"All these exchanges have realized, 'I have something really valuable here. I'd better follow the regulations,' " said Alex Ferrara, a tech investor with Bessemer Venture Partners in New York.
Though he's waiting to bet on any startups in the field, he said: "For Bitcoin, going legit will be a good thing."
Another sign of that mainstreaming effort came in April, when the Winklevoss brothers who once claimed in court that Mark Zuckerberg stole their idea for Facebook announced they'd amassed about 1 percent of all bitcoins in circulation. They're now seeking federal approval to let investors buy into that hoard via shares in a public fund.
While it's unclear whether regulators will sign off on the untested concept, Bitcoin is increasingly finding favor with merchants that range from blogging site Reddit to watch manufacturer Raketa.
Earlier this year, two hackers in Los Angeles unveiled PizzaForCoins.com, which lets people use bitcoins to buy pies from nearby Pizza Hut and Domino's locations.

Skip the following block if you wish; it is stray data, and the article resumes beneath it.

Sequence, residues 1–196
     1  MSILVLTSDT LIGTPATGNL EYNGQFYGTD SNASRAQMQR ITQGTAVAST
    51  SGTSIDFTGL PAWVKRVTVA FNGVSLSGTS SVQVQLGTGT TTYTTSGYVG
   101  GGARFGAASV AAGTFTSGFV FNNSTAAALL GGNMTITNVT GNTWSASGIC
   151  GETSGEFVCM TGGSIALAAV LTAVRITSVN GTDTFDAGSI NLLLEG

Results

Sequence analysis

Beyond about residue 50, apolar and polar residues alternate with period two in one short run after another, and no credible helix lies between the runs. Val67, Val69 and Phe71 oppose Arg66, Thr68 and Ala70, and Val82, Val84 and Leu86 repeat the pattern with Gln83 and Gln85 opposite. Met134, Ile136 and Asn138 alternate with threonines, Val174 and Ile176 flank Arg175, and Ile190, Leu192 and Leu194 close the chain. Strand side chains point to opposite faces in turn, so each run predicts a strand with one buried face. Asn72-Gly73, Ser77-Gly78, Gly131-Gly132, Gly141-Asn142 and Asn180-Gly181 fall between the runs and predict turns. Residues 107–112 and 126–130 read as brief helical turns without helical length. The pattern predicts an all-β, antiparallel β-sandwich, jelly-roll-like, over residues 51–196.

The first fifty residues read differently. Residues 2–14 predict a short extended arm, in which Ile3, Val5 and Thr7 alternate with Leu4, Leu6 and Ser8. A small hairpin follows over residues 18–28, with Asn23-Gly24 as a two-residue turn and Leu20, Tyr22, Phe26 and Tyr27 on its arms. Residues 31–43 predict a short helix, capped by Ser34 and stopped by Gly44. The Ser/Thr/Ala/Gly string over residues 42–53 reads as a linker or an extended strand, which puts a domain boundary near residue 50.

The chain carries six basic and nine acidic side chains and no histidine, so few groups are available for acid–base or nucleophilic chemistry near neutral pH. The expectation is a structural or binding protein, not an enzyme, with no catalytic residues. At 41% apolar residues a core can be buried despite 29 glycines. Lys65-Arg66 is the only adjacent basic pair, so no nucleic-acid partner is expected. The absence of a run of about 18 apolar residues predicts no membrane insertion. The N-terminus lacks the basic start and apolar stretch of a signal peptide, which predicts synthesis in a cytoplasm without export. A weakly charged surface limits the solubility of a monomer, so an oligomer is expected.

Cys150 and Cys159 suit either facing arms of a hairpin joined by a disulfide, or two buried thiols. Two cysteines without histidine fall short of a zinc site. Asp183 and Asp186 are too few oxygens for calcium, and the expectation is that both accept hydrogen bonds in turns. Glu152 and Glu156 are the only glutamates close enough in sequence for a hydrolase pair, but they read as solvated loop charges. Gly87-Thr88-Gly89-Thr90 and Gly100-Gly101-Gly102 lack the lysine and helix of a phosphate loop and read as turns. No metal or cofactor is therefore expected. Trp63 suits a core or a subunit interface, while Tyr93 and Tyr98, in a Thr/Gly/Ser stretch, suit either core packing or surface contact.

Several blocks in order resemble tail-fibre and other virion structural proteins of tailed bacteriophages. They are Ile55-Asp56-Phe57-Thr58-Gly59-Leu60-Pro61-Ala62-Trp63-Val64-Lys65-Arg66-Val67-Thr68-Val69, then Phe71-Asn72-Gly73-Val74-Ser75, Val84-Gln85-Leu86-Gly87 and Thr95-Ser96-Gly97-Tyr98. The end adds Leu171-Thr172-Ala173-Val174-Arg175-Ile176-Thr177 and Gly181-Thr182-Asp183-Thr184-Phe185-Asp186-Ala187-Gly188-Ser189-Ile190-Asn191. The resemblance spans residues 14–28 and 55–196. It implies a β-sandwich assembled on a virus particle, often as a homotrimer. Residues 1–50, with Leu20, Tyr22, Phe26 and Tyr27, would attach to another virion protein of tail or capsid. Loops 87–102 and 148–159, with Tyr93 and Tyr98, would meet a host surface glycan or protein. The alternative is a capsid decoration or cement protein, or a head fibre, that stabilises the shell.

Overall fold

"Bitcoin will make a dent in society when more normal transactions occur that would have occurred with dollars or credit cards," said Garry Tan, a partner at Mountain View, Calif., startup foundry Y Combinator. He's an adviser to Coinbase, a San Francisco startup that holds the record for the most venture capital pumped into a Bitcoin company (more than $6 million at last count).
Here are some of the new companies that help people use the virtual currency Bitcoin:
BitInstant (New York): Platform for instantaneous Bitcoin transfers.
Bitpay (Atlanta): Lets customers make payments in Bitcoin, then transfers cash to merchants, from software makers to auto dealerships.
Coinbase (San Francisco): Makes a "virtual wallet" that lets users buy bitcoins and pay for goods and services.
Lamassu (New Hampshire): Developed an ATM to instantly turn dollar bills into bitcoins.
OpenCoin (San Francisco): Payment system to transact various currencies, including dollars, Bitcoin and a new alternative, Ripple.
Tradehill (San Francisco): Runs a Bitcoin exchange.
Source: San Jose Mercury News research